Research has shown someone who has been deprived of sleep because of OSA may be up to 12 times more likely to be involved in a car accident.

If you are diagnosed with OSA, it may mean your ability to drive is affected.

Once a diagnosis of OSA has been made, you should not drive until your symptoms are well controlled.

Diabetes

OSA has also been linked to an increased risk of developing type 2 diabetes. This is a lifelong condition that causes a person’s blood sugar (glucose) level to become too high. It may occur in people with OSA if your body becomes less able to break down glucose properly.

However, it is not clear whether people develop diabetes as a direct result of OSA, or whether it is the result of an underlying cause of the condition, such as obesity.

Treating Obstructive Sleep Apnea

Common treatments for obstructive sleep apnea (OSA) include making lifestyle changes and using breathing apparatus while you sleep.

OSA is a long-term condition and many cases will require lifelong treatment.

Lifestyle changes

In most cases of OSA, you will be advised to make healthy lifestyle changes, such as:

  • losing weight if you are overweight or obese
  • stopping smoking if you smoke
  • Limiting your alcohol consumption, particularly before going to bed.
  • avoiding sedative medications and sleeping tablets

Losing weight, reducing the amount of alcohol you drink and avoiding sedatives have all been shown to help improve the symptoms of OSA.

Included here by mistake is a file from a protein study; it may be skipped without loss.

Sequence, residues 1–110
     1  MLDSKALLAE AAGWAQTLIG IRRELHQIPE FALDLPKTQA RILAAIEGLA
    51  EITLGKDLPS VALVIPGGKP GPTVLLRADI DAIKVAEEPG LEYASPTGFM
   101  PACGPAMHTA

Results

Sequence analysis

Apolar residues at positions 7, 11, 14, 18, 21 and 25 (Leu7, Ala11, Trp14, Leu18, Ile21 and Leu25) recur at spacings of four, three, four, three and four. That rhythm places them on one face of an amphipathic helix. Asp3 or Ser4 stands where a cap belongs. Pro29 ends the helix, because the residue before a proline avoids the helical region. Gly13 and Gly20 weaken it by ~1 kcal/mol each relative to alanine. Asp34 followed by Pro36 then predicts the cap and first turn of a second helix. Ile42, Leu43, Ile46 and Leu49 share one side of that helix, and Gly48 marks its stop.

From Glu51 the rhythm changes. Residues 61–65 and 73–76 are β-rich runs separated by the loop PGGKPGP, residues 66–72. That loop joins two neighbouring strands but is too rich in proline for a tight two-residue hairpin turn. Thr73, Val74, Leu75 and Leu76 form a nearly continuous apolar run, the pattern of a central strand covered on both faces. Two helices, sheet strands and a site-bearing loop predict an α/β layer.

Although it’s less clear whether stopping smoking can improve the condition, you’ll probably be advised to stop for general health reasons.

Sleeping on your side, rather than on your back, may also help relieve the symptoms of OSA if you have been diagnosed with the condition.

Continuous positive airway pressure (CPAP)

As well as the lifestyle changes mentioned above, people with moderate to severe OSA will usually need to use a continuous positive airway pressure (CPAP) device.

This is a small pump that delivers a continuous supply of compressed air to you through a mask that either covers your nose or your nose and mouth. The compressed air prevents your throat closing.

CPAP can feel peculiar to start with and you may be tempted to stop using it. But people who persevere usually soon get used to it and their symptoms improve significantly.

CPAP is the most effective therapy for treating severe cases of OSA. As well as reducing symptoms such as snoring and tiredness, it can also reduce the risk of complications of OSA, such as high blood pressure.

Possible side effects of using a CPAP device can include:

  • mask discomfort
  • nasal congestion, runny nose or irritation
  • difficulty breathing through your nose
  • headaches and ear pain
  • stomach pain and flatulence (wind)

Earlier versions of CPAP also often caused problems such as nasal dryness and a sore throat. However, modern versions tend to include humidifiers (a device that increases moisture), which helps to reduce these side effects.